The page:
E. Cobham Brewer 18101897. Dictionary of Phrase and Fable. 1898.
according to fable, may be obtained in a multitude of ways. For example:
Albrics cloak, called Tarnkappe (3 syl.), which Siegfried got possession of, rendered him invisible. (Nibelungen Lied.)
A chamelon carried in the breast will render a person invisible.
A capon stone, called Alectora, will render any person invisible who carries it about his person. (See MIRROR OF STONES.)
A dead hand. It is believed that a candle placed in a dead mans hand
gives no light to any but those who use it. (See HAND.)
Fern-seed, mentioned by Shakespeare, and by Beaumont and Fletcher, possesses the same charm.
Gyges ring, taken from the flanks of a brazen horse, made the wearer invisible, provided he turned the ring inwards.
Heliotrope, mentioned by Boccaccio in his Decamron (Day viii. 3), is a green stone, which renders a person invisible. So does the herb called heliotrope, according to Solnus, who says, Herba etiam ejusdem nomnis cum, a quocumque gestabtur, subtrahit visibus obvirum. (Georgic, xl.)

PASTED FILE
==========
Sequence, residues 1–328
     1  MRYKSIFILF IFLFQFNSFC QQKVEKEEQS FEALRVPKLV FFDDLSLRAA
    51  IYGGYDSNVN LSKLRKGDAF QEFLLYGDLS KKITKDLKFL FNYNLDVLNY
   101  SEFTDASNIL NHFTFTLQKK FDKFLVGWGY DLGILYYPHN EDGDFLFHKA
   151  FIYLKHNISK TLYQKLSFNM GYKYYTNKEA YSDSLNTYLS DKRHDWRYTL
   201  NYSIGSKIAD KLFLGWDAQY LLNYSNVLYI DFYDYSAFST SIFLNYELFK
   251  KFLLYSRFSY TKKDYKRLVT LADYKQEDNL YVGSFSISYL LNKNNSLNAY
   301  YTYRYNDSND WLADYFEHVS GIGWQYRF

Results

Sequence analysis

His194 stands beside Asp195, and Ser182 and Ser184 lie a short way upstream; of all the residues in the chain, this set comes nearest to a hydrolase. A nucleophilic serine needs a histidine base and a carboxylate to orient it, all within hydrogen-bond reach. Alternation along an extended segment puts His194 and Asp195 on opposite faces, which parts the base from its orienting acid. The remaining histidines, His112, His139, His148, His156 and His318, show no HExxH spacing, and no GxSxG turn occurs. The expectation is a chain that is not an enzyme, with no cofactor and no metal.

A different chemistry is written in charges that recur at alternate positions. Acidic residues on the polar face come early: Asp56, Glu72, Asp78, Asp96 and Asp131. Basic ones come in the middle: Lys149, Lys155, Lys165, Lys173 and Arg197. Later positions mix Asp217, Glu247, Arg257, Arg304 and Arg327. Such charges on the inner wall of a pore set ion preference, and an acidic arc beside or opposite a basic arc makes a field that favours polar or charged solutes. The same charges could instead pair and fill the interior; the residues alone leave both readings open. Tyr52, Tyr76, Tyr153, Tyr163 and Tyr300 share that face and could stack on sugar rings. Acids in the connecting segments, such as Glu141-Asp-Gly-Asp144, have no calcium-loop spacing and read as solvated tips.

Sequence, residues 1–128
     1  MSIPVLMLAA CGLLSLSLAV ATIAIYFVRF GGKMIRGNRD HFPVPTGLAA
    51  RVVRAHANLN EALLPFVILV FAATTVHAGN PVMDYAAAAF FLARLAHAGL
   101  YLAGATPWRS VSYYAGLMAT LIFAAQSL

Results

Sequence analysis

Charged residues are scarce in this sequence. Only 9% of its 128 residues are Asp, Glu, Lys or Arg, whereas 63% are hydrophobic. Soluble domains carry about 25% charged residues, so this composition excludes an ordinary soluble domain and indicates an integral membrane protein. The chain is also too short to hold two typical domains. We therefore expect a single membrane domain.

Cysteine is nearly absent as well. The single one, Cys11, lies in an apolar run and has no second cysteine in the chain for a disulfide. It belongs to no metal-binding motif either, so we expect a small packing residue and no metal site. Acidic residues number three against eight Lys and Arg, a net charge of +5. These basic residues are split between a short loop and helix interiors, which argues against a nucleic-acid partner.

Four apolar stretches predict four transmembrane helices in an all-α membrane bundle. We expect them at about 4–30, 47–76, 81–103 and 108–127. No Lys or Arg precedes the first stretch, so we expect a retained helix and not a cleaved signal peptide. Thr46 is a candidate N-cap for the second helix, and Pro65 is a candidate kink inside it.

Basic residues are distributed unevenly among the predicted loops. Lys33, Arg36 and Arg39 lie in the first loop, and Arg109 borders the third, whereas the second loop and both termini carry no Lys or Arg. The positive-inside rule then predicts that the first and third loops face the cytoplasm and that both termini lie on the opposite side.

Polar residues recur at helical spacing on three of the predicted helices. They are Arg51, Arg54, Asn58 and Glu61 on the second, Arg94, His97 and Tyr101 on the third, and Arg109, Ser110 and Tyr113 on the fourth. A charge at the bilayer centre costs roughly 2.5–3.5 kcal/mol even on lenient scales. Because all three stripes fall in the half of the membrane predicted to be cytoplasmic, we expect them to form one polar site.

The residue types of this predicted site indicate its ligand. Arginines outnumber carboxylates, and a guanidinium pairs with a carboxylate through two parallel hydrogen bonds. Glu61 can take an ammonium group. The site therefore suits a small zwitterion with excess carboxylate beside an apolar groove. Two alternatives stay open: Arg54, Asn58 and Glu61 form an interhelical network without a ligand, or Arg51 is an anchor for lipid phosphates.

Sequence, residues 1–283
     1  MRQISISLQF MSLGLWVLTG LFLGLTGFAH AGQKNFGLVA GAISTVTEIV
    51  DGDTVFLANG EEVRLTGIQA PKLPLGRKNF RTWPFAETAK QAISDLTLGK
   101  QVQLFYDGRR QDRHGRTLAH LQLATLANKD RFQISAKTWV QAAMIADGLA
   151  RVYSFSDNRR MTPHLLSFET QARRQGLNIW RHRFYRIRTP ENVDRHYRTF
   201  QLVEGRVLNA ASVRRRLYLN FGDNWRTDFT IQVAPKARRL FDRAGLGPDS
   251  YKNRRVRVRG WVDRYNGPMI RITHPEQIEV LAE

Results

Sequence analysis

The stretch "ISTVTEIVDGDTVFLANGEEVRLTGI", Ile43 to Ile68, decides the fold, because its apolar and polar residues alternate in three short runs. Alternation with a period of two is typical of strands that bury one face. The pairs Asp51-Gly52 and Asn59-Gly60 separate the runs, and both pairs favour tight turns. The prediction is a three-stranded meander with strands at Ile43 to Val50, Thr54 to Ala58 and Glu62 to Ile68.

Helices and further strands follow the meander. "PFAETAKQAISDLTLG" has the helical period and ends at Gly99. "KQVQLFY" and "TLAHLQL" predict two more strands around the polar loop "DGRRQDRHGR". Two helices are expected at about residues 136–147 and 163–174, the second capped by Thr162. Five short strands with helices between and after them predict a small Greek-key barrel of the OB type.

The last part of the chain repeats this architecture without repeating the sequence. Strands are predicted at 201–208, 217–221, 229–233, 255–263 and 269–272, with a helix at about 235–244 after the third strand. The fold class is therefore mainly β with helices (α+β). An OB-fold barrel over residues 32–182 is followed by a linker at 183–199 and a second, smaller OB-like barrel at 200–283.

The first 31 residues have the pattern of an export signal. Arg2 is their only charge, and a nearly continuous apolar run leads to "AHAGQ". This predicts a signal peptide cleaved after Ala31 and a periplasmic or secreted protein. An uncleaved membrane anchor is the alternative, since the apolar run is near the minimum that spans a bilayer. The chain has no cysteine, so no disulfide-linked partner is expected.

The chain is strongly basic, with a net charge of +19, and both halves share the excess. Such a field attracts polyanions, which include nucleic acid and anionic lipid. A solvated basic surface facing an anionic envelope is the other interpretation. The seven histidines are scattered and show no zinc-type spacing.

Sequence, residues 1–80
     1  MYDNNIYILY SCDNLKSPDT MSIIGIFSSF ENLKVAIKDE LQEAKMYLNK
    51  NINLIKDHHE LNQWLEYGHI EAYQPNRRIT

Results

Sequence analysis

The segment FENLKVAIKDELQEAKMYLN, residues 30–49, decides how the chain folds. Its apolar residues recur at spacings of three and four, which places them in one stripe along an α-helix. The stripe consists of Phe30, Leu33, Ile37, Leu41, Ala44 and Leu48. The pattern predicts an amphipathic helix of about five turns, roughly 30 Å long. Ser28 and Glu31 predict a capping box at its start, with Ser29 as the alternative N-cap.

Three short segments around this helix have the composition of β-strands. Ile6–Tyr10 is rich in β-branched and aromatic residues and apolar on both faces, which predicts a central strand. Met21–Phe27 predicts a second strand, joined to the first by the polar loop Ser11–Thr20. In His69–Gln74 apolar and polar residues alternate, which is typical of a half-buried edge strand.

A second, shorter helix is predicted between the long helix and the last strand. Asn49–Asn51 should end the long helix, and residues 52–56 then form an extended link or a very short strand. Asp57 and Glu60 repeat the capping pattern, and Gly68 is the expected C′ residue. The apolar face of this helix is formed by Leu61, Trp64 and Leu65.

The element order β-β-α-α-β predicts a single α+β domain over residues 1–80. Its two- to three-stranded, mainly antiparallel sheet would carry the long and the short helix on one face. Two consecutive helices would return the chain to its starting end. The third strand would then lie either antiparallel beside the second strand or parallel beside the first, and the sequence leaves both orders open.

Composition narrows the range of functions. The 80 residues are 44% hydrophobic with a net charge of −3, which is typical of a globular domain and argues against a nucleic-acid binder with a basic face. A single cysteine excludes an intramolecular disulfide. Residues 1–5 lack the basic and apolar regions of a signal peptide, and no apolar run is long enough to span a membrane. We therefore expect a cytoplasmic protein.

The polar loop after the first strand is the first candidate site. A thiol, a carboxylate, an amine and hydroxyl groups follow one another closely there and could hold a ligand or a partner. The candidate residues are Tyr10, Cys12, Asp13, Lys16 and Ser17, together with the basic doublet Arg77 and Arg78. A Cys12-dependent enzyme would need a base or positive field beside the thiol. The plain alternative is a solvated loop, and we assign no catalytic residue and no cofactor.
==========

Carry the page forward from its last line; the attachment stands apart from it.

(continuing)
The helmet of Perseus (2 syl.) and the helmet of Pluto (called Orci Gala), both rendered the wearer invisible. (Classic story.)
The helmet which Pluto gave to the Cyclops made them invisible whenever it was worn.
Jack the Giant-killer had a cloak of invisibility as well as a cap of knowledge.
Kepleins mantle. The mantle of Hel Keplein, which belonged to the dwarf-king Laurin, rendered the wearer invisible. (The Heldenbuch; thirteenth century.)
The Moros Musphoron was a girdle of invisibility. (Mrs. Centlivre: A Bold Stroke for a Wife.)
Otnits ring. The ring of Otnit, King of Lombardy, according to the Heldenbuch, possessed a similar charm.
Reynards wonderful ring had three colours, one of which (the green) caused the wearer to become invisible. (Reynard the Fox, 1498.)